Melissa Bilal is the Associate Director of the Armenian Music Program and Lecturer in the Department of Ethnomusicology. Previously a Distinguished Research Fellow at CNES, before UCLA, she was an Assistant Professor in the School of Humanities and Social Sciences at the American University of Armenia, where she continues serving as a core team member developing the Gender Studies minor program. Dr. Bilal studied Sociology (BA and MA) at Boğaziçi University, Istanbul and received her Ph.D. in Ethnomusicology from the University of Chicago. She taught at the University of Chicago’s Departments of Music and Near Eastern Languages and Civilizations, Boğaziçi University’s History Department, and the Middle Eastern, South Asian, and African Studies Department at Columbia University, where she also held a two-year Mellon postdoctoral teaching fellowship in the Department of Music.
Bilal’s research focus on the Armenian experience in relation to Turkey’s minority and memory politics; historical and ethnographic study of Armenian musical practices; and the gender history of the late Ottoman Armenian intellectual life. Her recent publications include “Lullabies and the Memory of Pain: Armenian Women’s Remembrance of the Past in Turkey” in Dialectical Anthropology, an article that reads Armenian women’s lullabies and narratives of the past as reserves of an affective memory and discusses their potential to critique the neoliberal memory politics in Turkey; Voice Imprints: Recordings of Russian Armenian POWs in German Camps, 1916-1918, a CD project that aims to bring Armenian experience in relation to musicology’s colonial past into public audibility; and My Heart is like those Ruined Houses: Gomidas Vartabed’s Musical Legacy (with Burcu Yıldız), a volume in Turkish on one of the founders of modern (ethno)musicology.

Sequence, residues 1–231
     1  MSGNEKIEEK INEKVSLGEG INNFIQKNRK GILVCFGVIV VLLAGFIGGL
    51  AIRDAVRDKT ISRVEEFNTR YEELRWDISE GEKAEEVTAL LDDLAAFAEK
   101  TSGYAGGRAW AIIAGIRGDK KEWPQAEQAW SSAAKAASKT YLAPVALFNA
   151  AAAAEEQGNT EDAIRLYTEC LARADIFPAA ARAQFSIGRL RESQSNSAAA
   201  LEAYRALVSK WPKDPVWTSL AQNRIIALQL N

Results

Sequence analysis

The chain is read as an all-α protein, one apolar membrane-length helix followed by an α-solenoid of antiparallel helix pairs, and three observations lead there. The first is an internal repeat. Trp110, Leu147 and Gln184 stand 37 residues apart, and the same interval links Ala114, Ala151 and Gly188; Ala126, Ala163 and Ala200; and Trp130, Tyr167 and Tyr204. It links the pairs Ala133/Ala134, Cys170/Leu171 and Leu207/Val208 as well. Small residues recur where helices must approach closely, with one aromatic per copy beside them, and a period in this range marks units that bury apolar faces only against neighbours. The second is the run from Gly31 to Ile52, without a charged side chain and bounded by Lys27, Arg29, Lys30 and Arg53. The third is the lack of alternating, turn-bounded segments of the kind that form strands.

In 2017, while a visiting scholar of History at the Massachusetts Institute of Technology, together with Dr. Lerna Ekmekcioglu of MIT, Bilal co-launched the annual meeting series Feminist Armenian Studies Workshop and the Feminist Armenian Research Collective. Ekmekcioglu and Bilal are the co-editors of the book A Cry for Justice: Five Armenian Feminist Writers from the Ottoman Empire to the Republic of Turkey (1862–1933) in Turkish and are now collaborating on the book and digital humanities project Feminism in Armenian: A History in Documents (Stanford University Press, Forthcoming 2023) which focuses on the lives and works of twelve Armenian feminist writer-activists in the Ottoman and post-Ottoman contexts.
Dr. Bilal is currently working on her monograph tentatively titled Wake-up Lullaby: Gendered Politics of Indigeneity, Music, and Memory in the late Ottoman Armenian Revolutionary Imagination and the ethnographic research project Injuries of Reconciliation: Being Armenian in Turkey.
Ph.D. Music (Ethnomusicology), University of Chicago; M.A. Sociology, Boğaziçi University; B.A. Sociology, Boğaziçi University, Istanbul.